John Aldrich, Pfizer, Inc./Edmund T. Pratt, Jr. University Professor
- Contact Info:
- Ph.D., University of Rochester, 1975
- MA, University of Rochester, 1971
- BA, Allegheny College, 1969
Behavior & Identities
- Research Interests: Political Behavior, Parties and Institutions
Pfizer-Pratt University Professor of Political Science. He specializes in American politics and behavior, formal theory, and methodology. Books he has authored or co-authored include Why Parties, Before the Convention, Linear Probability, Logit and Probit Models, and a series of books on elections, the most recent of which is Change and Continuity in the 2008 and 2010 Elections. His articles have appeared in the American Political Science Review, American Journal of Political Science, Journal of Politics, Public Choice, and other journals and edited volumes. He has received grants from the National Science Foundation and the National Endowment for the Humanities, and has served as co-editor of the American Journal of Political Science and as a Fellow at the Center for Advanced Study in the Behavioral Sciences. Current projects include studies of various aspects of campaigns and elections, political parties, and Congress. He is currently President of the American Political Science Association.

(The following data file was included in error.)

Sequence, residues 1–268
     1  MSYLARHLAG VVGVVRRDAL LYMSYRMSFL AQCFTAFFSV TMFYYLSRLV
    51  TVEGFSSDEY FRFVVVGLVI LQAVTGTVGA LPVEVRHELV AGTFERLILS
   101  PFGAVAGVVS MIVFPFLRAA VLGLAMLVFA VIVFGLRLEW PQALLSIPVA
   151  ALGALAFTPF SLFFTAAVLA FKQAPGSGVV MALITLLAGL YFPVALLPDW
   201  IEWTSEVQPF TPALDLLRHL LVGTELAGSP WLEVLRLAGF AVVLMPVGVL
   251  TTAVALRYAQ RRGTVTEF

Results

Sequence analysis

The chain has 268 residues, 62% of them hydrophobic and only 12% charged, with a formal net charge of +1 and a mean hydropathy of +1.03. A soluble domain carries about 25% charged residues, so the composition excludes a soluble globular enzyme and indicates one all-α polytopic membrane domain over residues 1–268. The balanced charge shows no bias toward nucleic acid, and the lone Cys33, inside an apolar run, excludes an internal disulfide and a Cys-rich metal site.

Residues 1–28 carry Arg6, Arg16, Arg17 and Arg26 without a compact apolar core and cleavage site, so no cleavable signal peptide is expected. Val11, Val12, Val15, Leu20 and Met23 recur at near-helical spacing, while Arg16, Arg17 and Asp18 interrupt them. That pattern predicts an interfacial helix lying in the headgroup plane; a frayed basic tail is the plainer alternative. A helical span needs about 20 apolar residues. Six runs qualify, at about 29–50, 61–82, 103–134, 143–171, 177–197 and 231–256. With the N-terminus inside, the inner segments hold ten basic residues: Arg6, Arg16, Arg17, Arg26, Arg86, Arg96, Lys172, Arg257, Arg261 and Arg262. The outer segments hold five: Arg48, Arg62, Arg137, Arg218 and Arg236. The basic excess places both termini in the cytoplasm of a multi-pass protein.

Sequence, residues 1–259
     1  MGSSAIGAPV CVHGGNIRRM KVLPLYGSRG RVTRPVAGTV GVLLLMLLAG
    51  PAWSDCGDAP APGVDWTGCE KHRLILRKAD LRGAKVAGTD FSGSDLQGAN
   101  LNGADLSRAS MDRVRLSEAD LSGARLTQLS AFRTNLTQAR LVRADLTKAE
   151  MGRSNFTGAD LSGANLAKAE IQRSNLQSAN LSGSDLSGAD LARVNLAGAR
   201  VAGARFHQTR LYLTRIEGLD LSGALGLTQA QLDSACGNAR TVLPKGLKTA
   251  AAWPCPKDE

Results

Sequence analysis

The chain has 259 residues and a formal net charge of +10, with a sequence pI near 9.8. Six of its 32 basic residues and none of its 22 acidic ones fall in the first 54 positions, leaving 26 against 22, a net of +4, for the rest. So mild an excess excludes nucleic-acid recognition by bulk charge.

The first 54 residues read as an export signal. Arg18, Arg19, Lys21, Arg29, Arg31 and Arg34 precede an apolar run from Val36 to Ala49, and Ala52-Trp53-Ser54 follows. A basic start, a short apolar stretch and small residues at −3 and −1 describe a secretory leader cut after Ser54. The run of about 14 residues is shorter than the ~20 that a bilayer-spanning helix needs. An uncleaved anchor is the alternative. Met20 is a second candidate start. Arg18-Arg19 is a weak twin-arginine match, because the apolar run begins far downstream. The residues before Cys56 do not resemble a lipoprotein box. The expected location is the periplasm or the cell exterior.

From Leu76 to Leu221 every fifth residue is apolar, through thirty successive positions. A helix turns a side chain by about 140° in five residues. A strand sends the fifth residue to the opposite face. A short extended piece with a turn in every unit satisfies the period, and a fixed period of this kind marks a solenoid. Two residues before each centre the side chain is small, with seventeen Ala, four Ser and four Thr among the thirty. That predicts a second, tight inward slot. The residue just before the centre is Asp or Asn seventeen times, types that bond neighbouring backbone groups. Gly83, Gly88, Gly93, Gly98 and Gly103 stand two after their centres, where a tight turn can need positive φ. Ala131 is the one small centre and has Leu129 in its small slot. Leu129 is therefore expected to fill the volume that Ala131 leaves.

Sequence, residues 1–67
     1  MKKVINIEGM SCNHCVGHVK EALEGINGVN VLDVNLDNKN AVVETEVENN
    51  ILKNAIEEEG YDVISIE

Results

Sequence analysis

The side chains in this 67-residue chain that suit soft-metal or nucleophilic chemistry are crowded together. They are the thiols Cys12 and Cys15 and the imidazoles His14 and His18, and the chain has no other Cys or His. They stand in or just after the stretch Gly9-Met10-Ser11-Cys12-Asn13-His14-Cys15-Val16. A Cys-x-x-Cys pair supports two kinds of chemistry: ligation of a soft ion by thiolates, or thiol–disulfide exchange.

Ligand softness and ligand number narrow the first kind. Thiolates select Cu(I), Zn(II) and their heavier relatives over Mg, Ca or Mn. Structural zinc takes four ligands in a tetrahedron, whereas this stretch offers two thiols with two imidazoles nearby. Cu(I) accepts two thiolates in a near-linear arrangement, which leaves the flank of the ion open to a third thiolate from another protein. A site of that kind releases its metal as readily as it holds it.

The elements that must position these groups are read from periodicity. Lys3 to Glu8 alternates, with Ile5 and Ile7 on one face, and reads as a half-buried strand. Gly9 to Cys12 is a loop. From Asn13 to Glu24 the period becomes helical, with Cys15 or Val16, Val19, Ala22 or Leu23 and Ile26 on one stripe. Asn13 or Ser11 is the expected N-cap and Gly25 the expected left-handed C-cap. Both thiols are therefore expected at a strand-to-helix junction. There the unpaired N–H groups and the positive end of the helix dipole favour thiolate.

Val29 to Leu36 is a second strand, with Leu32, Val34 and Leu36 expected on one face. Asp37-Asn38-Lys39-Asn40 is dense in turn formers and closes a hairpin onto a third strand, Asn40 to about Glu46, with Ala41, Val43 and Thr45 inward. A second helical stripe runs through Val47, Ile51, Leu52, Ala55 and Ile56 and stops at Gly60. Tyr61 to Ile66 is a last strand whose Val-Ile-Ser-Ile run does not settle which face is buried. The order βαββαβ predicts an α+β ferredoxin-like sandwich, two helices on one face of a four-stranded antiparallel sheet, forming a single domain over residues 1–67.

- Curriculum Vitae
- Recent Publications
- Aldrich, JH; Lu, J, How the Public in the US, Latin America, and East Asia Sees an Emerging China,
European Review, vol. 23 no. 02
pp. 227-241 [doi] .
- Aldrich, J; Lu, J; Kang, L, How Do Americans View the Rising China?,
Journal of Contemporary China, vol. 24 no. 92
pp. 203-221 [doi] .
- Aldrich, JH, Did Hamilton, Jefferson, and Madison “Cause” the U.S. Government Shutdown? The Institutional Path from an Eighteenth Century Republic to a Twenty-first Century Democracy,
Perspectives on Politics, vol. 13 no. 01
pp. 7-23 [doi] .
- Aldrich, JH, Interdisciplinarity: Its Role in a Discipline-based Academy
pp. 320 pages, Oxford University Press [abs].
- Lu, J; Aldrich, J; Shi, T, Revisiting Media Effects in Authoritarian Societies: Democratic Conceptions, Collectivistic Norms, and Media Access in Urban China,
Politics & Society, vol. 42 no. 2
pp. 253-283 [doi] .